Google cannot be forced to remove "damaging" material from its search engine that was legally posted elsewhere, according to an adviser to the top court in Europe.
The senior adviser to the European Court of Justice (ECJ), whose job it is to present a public and impartial opinion on cases the court receives, also said there is no general "right to be forgotten" under existing EU data and privacy laws.
In an opinion published on Tuesday, advocate-general Niilo Jaaskinen said that Google cannot be considered the "controller" of personal data from other Web sites and therefore should not be responsible for what appears on sites it links to. Under existing laws, established nearly two decades ago, member state data protection authorities "cannot require" a search engine like Google to remove specific sites from its search results.
"A national data protection authority cannot require an internet search engine service provider to withdraw information from its index," said Jaaskinen in the three-page opinion [PDF].
Tuesday's opinion follows the case of a Spanish man, whose property was to be auctioned off because of failed payments to his social security contributions. He discovered that the information was online when he searched for his own name a decade later.
The citizen in question filed a complaint with Spain's data protection authority, Agencia Espanola de Proteccion de Datos (AEPD), which upheld the claim. Google appealed the decision to one of Spain's highest court. The case was later referred to the ECJ.
Close to 200 complaints in Spain await the decision of the top European court.
The opinion also stated that companies with a presence in the EU remain under the laws of the member state they are based in -- even if the data is handled outside the EU. Jaaskinen said a company could still be forced to block access to illegal content, such pages with copyright-infringing or libelous material.
Bill Echikson, Google's "head of free expression," said on Tuesday: "This is a good opinion for free expression. We're glad to see it supports our long-held view that requiring search engines to suppress 'legitimate and legal information' would amount to censorship."
The opinion of the advocate-general is not legally binding, but often gives a good indication of how the ECJ will sway in its final decision.
The case is expected to set clearer boundaries between the data protection responsibilities of companies while balancing free speech in the region.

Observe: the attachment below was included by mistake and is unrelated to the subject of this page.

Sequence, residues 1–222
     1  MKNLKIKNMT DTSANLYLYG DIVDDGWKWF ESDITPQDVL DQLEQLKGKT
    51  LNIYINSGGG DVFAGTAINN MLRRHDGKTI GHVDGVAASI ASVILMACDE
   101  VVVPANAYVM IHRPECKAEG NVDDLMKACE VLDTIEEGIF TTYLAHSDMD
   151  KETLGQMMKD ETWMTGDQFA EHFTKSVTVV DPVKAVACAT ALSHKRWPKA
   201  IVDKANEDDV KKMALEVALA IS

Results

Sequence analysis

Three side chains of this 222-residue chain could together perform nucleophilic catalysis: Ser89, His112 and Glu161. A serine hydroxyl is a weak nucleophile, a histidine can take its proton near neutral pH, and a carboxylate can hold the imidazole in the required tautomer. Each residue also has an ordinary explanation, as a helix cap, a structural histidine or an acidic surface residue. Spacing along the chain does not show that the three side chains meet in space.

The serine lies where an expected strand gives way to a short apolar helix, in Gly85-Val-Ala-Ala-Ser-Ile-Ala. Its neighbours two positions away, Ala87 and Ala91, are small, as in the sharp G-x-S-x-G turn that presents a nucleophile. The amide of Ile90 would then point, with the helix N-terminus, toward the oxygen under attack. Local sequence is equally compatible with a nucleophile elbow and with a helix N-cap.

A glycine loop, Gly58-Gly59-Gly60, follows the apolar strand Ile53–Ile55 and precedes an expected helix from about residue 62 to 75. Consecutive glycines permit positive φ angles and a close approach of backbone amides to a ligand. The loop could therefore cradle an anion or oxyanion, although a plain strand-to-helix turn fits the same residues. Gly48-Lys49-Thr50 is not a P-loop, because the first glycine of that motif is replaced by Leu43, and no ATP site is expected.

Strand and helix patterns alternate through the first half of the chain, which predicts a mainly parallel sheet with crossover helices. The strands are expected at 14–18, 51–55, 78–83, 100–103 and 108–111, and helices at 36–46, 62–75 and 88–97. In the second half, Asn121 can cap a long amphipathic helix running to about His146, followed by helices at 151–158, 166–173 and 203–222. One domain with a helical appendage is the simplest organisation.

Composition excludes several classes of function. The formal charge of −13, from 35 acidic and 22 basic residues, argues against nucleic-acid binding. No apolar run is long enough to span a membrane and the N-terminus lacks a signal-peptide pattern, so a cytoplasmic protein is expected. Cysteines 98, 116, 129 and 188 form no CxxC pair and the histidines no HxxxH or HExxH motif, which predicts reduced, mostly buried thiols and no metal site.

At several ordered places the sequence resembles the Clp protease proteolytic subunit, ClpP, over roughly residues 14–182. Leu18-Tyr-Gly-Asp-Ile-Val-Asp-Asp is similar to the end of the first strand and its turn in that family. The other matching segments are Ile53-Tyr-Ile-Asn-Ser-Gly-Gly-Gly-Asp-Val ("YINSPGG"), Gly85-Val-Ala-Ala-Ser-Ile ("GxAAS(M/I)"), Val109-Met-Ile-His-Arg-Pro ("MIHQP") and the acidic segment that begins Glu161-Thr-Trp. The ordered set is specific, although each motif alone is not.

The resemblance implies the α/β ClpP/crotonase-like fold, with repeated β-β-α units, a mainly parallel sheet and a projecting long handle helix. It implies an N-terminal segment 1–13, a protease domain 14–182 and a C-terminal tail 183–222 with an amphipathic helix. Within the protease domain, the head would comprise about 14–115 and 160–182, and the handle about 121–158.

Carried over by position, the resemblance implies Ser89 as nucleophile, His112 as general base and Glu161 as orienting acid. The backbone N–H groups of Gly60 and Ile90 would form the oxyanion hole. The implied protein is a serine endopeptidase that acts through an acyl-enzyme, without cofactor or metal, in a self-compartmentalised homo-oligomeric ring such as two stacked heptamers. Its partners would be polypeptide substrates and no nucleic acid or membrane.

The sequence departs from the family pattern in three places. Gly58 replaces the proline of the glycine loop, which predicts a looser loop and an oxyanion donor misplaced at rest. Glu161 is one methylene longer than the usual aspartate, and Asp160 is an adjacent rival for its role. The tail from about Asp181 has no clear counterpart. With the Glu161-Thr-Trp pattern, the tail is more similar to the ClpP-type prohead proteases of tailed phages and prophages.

'Right to be forgotten'
However, it could be a blow to the European Commission, which for years has been in charge of data protection and privacy rules in the 27 member state bloc of Europe. The opinion comes at a time when new laws have been tabled by the Commission in order to bring existing rules into a modern age.
One of the proposals outlined by EU Justice Commissioner Viviane Reding is a specific "right to be forgotten," which would allow EU citizens to compel a company to delete all data it has on them. The "right to be forgotten" would force Facebook and Twitter to remove any data it had on you, as well as force Google to remove results from its search engine. It would also extraterritorially affect users worldwide outside the European Union who would be unable to search for those removed search terms.
However, the Commission has not outlined in what circumstances such rights could be invoked, or logistically how the process would work. The U.K. has expressed its concern about such proposals and seeks to opt out of them.
Web companies such as Google have said -- and lobbied to that effect -- that the "right to be forgotten" should not allow data to be removed or manipulated at the expense of freedom of speech.
The advocate-general confirmed a right to be forgotten does not exist in current legislation.
"The Directive does not establish a general 'right to be forgotten.' Such a right cannot therefore be invoked against search engine service providers on the basis of the Directive, even when it is interpreted in accordance with the Charter of Fundamental Rights of the European Union," said Jaaskinen.
Under the existing 1995 EU Data Protection Directive, a person has to the right to "object at any time...the processing of data relating to him." The directive allows the correction of data held by a company as well as the ability to request a copy of their data. But it "does not entitle a person to restrict or terminate dissemination of personal data that he considers to be harmful or contrary to his interests," says the opinion.
The new EU Data Protection Regulation, proposed by the European Commission and currently being debated in the European Parliament, will likely be voted on in the coming months after a series of delays.